'It was, therefore, the plain duty of the company to take such precautions, from time to time, as ordinary care and prudence would suggest to be necessary for the safety of those who had occasion to use the premises for the purposes for which they had been appropriated by the company, and for which, with its knowledge and permission it was commonly used by the public', or, in this case by the owners of these market boats. Bennett v. Railroad Company, supra.

 Respondent was not required to assume that the owner of the barge and her captain would not be reasonably experienced and equally careful for the safety of their boat.

 What was ordinary care required would depend upon all the circumstances.

 A brief statement of these circumstances should be made.

 The slip at Greenville is 270 feet wide, with piers on each side, one a covered pier, the other an open one. There were a large number of other barges tied up in this slip. There is no dispute that when the storm began on Sunday, February 21, the wind, about one o'clock in the afternoon, changed to southeast with an average velocity, approximately of 20 miles an hour. That this wind was coming in at an angle of about 45 degrees towards the south side of the open pier.

 The Rose T., had arrived at her berth on February 13th. This berth had been the first tier from the harbor on the north side of the covered pier. On Saturday, February 20, Larsen, her captain, shifted her from the first tier to the fourth boat in the second tier. At that time the Rose T., was a 'little down' at the stern, but he tied her up and asked some of the other captains to look after her and then departed not to return until Tuesday, February 23rd.

 It appears that these captains shifted their boats around as they thought best, but unfortunately for Larsen when he shifted the Rose T., he left her stern towards the harbor and her pump was at the stern.

 The Rose T., was loaded with about 773 tons of coal and, as there were not four barges in the first tier, the full force of the southeast wind and sea would be on her stern.

 This wind and storm gradually increased during the afternoon of Sunday until, in the early morning of February 22, it reached a velocity of 43 miles and possibly greater. This had whipped-up a heavy sea to which the stern of the Rose T., already somewhat low, received the full force.

 One of the captains of a nearby barge did go on the Rose T., and pumped her Sunday morning, but the last time that he did this was about three o'clock Sunday afternoon before the storm had reached really dangerous proportions. No one else appears to have looked after this barge.

 It certainly was not a duty of respondent to forbid the captain of the Rose T., to leave his boat or to move her in a safer manner, it could properly expect the captain of the Rose T., to use reasonable care to protect his barge. Instead of this Larsen was plainly negligent. He must have known, as he was not far away, at Fort Hamilton, Brooklyn, that the weather had changed on Sunday afternoon for the storm was present at both places. His excuse that he was inside his father's house is insufficient when the duty resting upon him is considered. In the exercise of due care he should have returned to his barge and he had no right to rely on other captains performing his duty for him.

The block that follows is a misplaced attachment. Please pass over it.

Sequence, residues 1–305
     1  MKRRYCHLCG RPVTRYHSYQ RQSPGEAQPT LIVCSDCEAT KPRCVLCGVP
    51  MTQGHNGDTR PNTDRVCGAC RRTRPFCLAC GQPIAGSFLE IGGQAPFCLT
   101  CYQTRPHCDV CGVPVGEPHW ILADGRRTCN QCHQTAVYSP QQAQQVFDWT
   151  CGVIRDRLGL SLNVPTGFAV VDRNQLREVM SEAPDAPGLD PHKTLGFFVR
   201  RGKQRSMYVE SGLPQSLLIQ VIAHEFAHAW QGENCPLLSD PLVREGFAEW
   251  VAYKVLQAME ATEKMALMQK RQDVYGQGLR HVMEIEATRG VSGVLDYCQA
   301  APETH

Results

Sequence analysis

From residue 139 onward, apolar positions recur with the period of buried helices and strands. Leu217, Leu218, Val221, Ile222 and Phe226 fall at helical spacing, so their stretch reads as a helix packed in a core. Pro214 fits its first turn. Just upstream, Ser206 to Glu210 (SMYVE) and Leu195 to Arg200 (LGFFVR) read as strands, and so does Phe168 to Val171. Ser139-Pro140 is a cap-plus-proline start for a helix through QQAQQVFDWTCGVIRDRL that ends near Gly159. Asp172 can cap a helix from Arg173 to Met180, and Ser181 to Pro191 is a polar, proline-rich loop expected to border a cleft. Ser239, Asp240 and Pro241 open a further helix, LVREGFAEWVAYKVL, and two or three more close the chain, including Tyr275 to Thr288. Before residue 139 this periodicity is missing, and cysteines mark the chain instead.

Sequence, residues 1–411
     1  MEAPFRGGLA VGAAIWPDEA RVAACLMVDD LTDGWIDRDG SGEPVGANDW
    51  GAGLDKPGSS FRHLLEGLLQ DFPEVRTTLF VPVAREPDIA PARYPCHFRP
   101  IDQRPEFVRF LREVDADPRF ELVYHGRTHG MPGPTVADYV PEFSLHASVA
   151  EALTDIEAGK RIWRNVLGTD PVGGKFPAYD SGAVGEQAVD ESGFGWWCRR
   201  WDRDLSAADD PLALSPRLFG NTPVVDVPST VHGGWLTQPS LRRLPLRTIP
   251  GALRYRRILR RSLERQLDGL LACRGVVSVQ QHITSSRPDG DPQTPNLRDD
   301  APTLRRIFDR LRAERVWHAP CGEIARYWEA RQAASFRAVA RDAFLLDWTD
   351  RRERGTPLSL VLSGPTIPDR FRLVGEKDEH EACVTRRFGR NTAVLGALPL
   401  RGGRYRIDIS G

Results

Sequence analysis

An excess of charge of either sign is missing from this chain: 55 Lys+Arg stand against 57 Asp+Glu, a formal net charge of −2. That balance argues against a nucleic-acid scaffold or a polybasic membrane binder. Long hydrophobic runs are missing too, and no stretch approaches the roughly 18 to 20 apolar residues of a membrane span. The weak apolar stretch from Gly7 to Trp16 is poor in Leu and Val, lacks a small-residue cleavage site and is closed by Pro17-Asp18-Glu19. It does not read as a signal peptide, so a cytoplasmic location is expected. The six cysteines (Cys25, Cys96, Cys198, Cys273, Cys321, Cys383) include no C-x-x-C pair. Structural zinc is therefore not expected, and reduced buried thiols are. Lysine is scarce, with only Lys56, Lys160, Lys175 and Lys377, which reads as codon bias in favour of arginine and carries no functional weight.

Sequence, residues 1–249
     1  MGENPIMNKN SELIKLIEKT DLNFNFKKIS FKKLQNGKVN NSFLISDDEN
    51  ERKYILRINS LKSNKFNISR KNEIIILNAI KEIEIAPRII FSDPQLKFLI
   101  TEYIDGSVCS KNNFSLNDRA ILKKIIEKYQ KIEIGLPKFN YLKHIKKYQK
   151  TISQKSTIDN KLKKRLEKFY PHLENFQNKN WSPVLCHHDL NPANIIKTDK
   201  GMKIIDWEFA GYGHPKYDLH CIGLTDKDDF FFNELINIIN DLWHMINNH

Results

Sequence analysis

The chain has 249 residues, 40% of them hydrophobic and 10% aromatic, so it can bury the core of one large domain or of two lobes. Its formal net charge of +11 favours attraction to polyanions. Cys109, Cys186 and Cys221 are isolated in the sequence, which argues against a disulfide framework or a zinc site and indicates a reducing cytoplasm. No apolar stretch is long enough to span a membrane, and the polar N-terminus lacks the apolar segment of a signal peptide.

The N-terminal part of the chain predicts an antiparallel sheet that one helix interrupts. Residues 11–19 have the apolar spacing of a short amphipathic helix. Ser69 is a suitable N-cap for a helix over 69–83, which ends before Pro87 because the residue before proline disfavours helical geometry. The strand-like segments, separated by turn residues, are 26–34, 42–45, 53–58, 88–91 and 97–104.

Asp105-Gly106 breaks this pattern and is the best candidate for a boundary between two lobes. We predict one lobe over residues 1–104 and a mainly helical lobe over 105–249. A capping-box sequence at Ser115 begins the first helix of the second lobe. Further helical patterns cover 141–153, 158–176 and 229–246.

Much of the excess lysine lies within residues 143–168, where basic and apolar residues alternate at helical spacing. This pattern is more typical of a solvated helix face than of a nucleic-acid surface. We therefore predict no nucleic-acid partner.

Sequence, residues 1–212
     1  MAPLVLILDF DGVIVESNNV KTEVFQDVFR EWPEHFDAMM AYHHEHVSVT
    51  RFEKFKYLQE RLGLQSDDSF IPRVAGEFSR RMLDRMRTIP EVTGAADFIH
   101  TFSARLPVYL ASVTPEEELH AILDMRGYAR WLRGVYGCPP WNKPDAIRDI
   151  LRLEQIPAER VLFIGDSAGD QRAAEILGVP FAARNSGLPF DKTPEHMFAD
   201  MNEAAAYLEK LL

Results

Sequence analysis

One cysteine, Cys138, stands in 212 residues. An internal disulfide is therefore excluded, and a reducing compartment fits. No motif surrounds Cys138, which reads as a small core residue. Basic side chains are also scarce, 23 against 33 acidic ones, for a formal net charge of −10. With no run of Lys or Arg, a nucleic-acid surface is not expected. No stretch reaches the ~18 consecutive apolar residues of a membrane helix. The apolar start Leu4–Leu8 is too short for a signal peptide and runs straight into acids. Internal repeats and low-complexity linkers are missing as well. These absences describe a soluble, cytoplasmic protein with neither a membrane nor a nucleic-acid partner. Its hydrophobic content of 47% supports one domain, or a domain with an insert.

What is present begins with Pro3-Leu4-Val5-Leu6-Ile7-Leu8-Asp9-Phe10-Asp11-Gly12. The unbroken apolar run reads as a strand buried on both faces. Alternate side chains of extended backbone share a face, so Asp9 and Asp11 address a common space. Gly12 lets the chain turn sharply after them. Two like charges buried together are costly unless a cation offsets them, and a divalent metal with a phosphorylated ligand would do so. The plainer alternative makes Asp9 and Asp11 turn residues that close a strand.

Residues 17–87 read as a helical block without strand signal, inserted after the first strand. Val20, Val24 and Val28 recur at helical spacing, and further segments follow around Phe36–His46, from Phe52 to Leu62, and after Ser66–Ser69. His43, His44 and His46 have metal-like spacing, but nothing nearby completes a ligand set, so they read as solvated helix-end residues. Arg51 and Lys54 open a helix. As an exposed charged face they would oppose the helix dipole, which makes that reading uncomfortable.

If Larsen had been present he could have secured aid from these captains or at least attempted to do so and shifted the stern of the Rose T., around so that he would have been able to use his pump or he could have notified the respondent that his barge should be shifted. The evidence shows that such aid would have been available. Instead of doing anyone of these things his absence left the Rose T., without this necessary care. The M. M. O'Brien, D.C., 60 F.2d 976; The Delaware & L.W. No. 442 (The Pennsylvania R.R. No. 437) 2 Cir., 30 F.2d 250; The Junior, 2 Cir., 279 F. 407; The Dunnigan Sisters, D.C., 53 F.2d 502.

 As the storm increased the seas became increasingly heavy and fell deep upon the stern of the Rose T., putting her pump out of commission and making a dangerous situation.

 Finally someone did notify the employees of the respondent that boats were in difficulty at the covered pier and respondent's tug Alliance promptly answered the call. She found that the waves were breaking heavily on the stern of the Rose T. They found nobody on board and some of her lines had to be cut so that she could be taken up the slip. She was taken up the slip towards the bulkhead where she could be syphoned and, in fact as they were about to syphon her, she sank.

 I agree with Judge Campbell in the Burns case that the fact storm warnings had been given that Sunday morning and were known to respondent, did not require the respondent to notify the captains of the various scows nor would it have been of any avail here because the Rose T., had no captain present.

 The respondent, in the exercise of ordinary care, was not required to see whether there was a captain on board or not. The most that could be required of respondent in the absence of knowledge of such distress would be to render reasonable assistance when requested. This it did, but because of the absence of her captain this request for assistance was not given in time. One of the floatmen of the Alliance testified, 'the (her) condition should have been reported an hour or two before'.